I am for the protection of the first amendment, we seem to be losing many of the protections that our founding fathers/brothers achieved for us.

Yet, how is it that the first amendment has been abridged by Apple's lawsuit? ThinkSecret purportedly is paying people to break nondisclosure agreements. Are they? There is some room for a possibly valid argument that it is the same as poaching trade secrets. The former poster points out that taking unpublished music is stealing.

I agree that Apple's first issue is with those who broke the agreement. And, if someone goes to a writer, then the writer has put forth information that they received. But what if they pay for secrets to be revealed?

Anyway, I hope that ThinkSecret and the PowerPage and the other pages hold with the Mac, it is a good platform, and I hope that they are not much pinched.

This all really brings more attention to Apple's products, hopefully it will fade quietly, now that MacWorld begins tomorrow.

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4. Ace Fury on January 10, 2005 9:08 PM writes...

"Congress shall make no law respecting an establishment of religion, or prohibiting the free exercise thereof; or abridging the freedom of speech, or of the press; or the right of the people peaceably to assemble, and to petition the Government for a redress of grievances."
So NDAs are illegal under the First Amendment? Interesting. If ThinkSecret had a case the ACLU would be all over Apple. The very act of sueing someone isn't a violation of any Amendment, in fact being able to sue is right we all have - winning is another story all together.

Permalink to Comment

5. t rex on January 10, 2005 9:34 PM writes...

I really have mixed feelings on this. While I'm a firm believer in the First Amendment, the issue here seems to be trade secrets and NDAs, not free speech. Apple seems to be within their rights to sue on these counts, but at the cost of potentially alienating some of their most hardcore fans. Apparently they are willing to take that risk.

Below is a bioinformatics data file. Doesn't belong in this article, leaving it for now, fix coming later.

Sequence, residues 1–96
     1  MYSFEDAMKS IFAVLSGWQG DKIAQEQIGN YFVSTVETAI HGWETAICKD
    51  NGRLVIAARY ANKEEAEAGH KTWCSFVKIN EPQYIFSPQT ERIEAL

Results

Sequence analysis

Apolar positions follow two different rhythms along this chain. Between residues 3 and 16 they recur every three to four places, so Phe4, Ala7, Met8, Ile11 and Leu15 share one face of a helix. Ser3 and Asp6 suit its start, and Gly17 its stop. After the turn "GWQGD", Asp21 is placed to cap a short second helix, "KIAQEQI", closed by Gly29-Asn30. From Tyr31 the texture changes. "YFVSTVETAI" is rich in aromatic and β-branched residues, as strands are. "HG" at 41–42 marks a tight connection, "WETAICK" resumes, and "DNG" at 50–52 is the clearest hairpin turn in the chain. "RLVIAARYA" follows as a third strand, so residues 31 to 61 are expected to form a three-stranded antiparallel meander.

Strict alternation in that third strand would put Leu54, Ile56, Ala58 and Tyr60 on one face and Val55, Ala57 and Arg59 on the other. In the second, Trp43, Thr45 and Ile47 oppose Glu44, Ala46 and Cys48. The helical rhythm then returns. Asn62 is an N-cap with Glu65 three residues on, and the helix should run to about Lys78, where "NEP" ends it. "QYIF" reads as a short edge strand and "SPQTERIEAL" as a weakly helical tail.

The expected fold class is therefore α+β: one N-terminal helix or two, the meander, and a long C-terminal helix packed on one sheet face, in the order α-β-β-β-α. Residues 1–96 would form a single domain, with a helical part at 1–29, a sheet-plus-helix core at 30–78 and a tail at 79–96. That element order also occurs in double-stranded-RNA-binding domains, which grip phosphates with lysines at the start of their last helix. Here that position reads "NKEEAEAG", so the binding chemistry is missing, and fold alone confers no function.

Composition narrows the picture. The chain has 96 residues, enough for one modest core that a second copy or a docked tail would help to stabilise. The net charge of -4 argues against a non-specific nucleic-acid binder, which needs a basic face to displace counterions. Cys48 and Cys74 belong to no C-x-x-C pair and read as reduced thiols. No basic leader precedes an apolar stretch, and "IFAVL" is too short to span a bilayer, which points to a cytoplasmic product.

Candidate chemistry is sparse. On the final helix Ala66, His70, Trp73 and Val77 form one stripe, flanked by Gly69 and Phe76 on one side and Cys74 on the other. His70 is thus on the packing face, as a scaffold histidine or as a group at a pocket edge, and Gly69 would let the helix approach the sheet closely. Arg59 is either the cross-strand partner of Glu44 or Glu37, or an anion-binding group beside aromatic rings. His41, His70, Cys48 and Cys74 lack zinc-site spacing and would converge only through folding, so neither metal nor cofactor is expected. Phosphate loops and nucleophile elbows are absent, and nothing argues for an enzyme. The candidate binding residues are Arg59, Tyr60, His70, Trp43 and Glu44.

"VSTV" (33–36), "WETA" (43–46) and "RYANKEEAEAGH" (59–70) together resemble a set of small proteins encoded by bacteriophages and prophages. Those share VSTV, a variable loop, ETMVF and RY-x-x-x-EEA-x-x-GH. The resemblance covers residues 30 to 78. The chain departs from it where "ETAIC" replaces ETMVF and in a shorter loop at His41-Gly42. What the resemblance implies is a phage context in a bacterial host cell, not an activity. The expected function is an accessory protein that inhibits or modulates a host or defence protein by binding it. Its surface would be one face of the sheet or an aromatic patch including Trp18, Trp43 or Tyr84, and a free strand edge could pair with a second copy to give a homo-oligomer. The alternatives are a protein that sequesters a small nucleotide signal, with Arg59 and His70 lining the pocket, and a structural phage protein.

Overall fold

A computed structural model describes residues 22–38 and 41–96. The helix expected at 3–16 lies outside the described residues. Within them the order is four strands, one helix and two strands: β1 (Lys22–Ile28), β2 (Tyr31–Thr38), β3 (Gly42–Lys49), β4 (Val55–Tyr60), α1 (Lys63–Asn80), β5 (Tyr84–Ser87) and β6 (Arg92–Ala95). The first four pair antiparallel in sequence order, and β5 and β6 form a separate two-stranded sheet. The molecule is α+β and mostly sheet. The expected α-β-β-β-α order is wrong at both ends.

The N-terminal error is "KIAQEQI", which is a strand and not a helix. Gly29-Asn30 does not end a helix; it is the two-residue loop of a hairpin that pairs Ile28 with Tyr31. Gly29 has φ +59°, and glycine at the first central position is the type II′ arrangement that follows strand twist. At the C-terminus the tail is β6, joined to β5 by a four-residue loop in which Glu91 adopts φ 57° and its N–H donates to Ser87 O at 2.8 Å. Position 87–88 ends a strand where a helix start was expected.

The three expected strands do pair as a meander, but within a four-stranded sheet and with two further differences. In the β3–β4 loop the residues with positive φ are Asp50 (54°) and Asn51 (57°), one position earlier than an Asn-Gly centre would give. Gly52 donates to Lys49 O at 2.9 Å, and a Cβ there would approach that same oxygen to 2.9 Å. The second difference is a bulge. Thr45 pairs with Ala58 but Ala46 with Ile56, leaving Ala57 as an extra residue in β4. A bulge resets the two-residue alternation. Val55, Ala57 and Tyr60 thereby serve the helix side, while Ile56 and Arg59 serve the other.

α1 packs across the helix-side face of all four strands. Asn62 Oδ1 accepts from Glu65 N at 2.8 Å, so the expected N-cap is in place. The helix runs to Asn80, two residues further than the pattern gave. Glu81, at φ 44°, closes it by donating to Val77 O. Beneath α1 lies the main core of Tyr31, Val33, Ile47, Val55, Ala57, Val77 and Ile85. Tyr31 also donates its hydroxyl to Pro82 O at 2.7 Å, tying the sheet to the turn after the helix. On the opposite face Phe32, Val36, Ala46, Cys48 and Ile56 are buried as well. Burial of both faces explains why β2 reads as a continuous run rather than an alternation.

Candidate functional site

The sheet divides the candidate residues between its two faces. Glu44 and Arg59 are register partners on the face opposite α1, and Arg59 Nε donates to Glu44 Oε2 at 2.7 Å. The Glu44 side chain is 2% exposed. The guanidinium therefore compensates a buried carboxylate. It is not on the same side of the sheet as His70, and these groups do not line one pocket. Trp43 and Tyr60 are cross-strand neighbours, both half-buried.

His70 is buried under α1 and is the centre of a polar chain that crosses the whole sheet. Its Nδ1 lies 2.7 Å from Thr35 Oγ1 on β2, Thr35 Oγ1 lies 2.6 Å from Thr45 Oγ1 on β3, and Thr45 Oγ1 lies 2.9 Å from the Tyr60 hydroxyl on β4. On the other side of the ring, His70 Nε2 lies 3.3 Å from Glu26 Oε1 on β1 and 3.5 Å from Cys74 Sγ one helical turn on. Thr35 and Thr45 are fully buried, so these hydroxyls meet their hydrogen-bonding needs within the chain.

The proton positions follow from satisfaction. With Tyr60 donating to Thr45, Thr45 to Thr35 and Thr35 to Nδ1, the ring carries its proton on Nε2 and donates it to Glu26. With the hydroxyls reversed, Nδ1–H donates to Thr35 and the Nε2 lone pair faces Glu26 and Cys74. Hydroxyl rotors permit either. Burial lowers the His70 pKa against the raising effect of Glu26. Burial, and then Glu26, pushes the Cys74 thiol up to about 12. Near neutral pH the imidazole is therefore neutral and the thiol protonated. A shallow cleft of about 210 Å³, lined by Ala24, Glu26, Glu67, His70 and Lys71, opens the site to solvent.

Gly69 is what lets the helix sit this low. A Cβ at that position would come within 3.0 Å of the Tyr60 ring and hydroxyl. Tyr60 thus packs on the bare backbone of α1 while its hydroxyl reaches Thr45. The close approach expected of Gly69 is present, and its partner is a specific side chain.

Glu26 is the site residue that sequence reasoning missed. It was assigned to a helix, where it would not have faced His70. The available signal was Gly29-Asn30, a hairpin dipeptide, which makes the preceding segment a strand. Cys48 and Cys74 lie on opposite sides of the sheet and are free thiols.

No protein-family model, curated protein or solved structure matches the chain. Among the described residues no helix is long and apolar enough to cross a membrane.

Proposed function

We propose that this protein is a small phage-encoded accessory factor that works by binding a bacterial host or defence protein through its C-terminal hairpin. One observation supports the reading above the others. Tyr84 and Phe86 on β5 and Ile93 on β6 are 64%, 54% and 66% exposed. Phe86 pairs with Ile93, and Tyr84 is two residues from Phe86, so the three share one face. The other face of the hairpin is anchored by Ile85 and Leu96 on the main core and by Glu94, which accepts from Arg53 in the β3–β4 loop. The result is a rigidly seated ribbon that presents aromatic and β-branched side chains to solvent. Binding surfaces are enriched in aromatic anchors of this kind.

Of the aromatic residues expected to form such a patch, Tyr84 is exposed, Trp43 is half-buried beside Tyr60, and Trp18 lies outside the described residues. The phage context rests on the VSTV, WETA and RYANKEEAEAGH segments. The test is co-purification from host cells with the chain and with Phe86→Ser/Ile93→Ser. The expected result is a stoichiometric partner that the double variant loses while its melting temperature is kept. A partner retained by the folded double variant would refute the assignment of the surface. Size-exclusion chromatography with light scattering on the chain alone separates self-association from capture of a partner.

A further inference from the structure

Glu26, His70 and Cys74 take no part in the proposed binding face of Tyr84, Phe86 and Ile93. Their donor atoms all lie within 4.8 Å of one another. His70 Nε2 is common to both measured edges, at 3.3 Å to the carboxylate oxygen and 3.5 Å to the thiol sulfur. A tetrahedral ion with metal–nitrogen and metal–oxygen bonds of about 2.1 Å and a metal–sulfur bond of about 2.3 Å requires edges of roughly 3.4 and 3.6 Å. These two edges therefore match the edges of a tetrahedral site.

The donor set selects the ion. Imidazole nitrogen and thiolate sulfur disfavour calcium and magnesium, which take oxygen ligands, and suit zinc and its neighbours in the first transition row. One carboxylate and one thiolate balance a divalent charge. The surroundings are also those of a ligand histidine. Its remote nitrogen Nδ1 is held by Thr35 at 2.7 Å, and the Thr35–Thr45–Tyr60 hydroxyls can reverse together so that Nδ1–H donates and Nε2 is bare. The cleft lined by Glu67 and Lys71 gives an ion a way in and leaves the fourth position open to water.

Apple has a long history of not tolerating leaks, and takes extreme measures to ensure the secrecy of new products. While their reasoning is sometimes a bit mystifying, it is literally their business, not the fan base's, to make decisions concerning the release of information.

A reporter's right to protection under the First Amendment should be extended in cases where the reporting provides information critical to the well-being of the public-at-large, as in the case of political muckraking or corporate malfeasance/misconduct. To the contrary, unless it can be proven that (as it has been suggested by WIRED and others) Apple conspired to leak the information in question, the argument for protection is weak at best, and likely would not stand in court.

On the other hand, Apple is getting a HUGE amount of free publicity out of the current situation. Any advantage Apple gains as a result of these leaks could be argued in court as exploiting "bad" press, even if it was unintentional. But in order to gain this advantage the "rumors" would have to be 100% true, because if the rumors are false, the letdown could have a disastrous effect on their stock price and reputation.

As much as I love the Mac sites being sued, it's tough to find fault in Apple's desire to quash rumors.

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6. Rad Geek on January 24, 2005 2:43 PM writes...

Five comments on NDAs, and none of them at all are to the point.

The reason that Apple's legal brickbats are problematic from a free speech standpoint is not that the First Amendment somehow prohibits contractual NDAs. It doesn't. But the publishers of ThinkSecret, AppleInsider, and PowerPage never signed an NDA with Apple. They never made any agreement with Apple that they wouldn't leak any information that comes into their grubby little hands, and they're under no legally enforceable obligation whatsoever not to do so.

Apple has every right to pursue legal action against people who have breached their contract, but they have no right at all to use legal force against people who never agreed to Apple's terms in the first place. The legal maneuvering is nothing more than high-powered bullying to try to force innocent third parties to give up their sources when they aren't under any legal obligation to do so. Copyfight is exactly right to frame this as an issue of corporate bullies attacking protected speech.